In this case note, I consider the Court of Appeal decision in Fearn v Board of Trustees of Tate Gallery  EWCA Civ 104,  Ch 621, which concerned whether a claimant could sue in private nuisance for a privacy violation. After reviewing previous authorities on this question, I argue that the ruling that interference with privacy is not actionable in private nuisance is to be welcomed. I also explore the relevance of the ‘abnormal sensitivity’ principle and of possible self-help measures in assessing whether an interference with the use and enjoyment of land is unreasonable for the purposes of a private nuisance claim.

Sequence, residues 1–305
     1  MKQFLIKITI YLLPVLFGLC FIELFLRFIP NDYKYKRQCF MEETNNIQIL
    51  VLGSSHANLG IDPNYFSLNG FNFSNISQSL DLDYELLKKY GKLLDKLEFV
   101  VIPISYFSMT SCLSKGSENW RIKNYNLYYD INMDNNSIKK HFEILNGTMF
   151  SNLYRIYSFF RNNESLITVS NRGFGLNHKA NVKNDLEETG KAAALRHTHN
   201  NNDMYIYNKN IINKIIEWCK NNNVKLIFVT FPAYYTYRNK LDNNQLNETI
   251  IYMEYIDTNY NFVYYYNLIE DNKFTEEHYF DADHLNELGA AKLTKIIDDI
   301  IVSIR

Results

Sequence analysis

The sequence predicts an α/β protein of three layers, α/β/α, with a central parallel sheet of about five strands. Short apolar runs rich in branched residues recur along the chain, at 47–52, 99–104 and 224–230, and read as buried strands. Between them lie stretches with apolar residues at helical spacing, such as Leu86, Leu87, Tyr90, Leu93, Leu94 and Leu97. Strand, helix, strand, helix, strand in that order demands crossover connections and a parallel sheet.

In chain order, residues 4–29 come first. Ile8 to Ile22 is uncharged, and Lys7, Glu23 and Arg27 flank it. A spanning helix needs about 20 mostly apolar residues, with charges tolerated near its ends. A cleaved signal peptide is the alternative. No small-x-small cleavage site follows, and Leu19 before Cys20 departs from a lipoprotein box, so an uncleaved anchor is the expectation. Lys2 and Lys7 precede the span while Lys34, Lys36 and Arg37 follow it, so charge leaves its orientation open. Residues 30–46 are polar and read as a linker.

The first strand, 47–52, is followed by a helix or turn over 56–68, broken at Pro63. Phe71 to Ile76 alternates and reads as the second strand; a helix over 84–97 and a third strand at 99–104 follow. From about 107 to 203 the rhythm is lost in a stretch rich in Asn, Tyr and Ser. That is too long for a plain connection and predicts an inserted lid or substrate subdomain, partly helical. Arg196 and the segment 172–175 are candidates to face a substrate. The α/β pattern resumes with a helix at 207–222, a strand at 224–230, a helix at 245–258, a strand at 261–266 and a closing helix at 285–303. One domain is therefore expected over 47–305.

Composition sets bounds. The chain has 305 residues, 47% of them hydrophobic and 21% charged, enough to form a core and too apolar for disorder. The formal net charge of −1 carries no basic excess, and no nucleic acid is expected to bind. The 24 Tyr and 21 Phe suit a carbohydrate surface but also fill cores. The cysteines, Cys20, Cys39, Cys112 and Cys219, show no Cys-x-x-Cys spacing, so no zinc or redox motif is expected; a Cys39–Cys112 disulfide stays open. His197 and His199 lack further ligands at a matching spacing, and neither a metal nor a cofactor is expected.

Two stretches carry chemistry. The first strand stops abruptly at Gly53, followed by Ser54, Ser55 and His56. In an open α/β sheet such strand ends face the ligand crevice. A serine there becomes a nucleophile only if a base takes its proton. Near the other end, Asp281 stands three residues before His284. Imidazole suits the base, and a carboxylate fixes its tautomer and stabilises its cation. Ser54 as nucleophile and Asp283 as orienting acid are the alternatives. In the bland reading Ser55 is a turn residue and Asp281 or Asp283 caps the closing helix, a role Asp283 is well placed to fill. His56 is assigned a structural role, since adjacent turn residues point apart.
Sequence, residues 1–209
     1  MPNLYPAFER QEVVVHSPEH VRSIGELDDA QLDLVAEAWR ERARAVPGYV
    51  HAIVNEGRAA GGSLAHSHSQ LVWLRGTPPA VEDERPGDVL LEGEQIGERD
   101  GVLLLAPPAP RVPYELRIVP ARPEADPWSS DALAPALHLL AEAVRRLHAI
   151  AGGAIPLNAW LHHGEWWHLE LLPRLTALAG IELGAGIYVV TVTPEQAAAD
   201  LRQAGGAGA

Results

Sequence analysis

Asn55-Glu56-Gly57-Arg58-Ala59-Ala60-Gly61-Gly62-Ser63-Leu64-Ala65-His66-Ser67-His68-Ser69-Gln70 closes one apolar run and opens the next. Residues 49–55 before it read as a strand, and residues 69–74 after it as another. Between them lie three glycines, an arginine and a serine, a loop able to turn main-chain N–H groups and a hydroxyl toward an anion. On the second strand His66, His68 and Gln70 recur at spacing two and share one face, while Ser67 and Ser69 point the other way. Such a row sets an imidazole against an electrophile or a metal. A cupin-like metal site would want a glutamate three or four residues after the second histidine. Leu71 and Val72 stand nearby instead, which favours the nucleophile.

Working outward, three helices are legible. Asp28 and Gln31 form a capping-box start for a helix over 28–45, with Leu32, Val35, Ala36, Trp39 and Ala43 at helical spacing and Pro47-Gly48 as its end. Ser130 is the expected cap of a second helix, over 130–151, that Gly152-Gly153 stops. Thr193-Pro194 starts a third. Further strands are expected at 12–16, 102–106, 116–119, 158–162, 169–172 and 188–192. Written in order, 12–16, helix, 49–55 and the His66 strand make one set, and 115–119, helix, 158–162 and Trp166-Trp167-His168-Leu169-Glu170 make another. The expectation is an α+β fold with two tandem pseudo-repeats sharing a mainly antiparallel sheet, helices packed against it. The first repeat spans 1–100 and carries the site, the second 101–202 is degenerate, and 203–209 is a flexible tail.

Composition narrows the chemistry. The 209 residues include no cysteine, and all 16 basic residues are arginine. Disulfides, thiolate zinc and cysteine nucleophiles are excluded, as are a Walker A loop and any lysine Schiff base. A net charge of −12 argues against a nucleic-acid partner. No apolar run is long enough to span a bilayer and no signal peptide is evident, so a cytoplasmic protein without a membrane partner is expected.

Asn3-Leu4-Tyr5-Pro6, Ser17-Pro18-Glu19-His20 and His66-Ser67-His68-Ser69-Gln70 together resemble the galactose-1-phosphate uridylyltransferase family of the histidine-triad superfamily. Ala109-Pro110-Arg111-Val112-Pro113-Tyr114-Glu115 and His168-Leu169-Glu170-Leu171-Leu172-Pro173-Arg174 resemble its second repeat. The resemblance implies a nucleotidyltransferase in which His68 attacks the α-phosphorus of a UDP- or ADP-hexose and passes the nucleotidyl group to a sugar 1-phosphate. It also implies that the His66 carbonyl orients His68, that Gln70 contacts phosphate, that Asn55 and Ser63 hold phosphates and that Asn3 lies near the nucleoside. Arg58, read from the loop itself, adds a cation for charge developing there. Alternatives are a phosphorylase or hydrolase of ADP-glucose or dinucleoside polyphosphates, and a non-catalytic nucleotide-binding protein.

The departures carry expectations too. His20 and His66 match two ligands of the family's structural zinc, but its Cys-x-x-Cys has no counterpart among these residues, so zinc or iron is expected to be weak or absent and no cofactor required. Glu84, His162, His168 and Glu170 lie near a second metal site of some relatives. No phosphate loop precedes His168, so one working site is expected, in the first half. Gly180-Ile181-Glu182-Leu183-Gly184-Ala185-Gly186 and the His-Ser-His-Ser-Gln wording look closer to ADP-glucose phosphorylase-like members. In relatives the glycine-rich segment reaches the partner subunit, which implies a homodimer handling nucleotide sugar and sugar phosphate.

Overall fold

Nolan, Donal, Nuisance and Privacy (January 1, 2021). (2021) 137 Law Quarterly Review 1-6.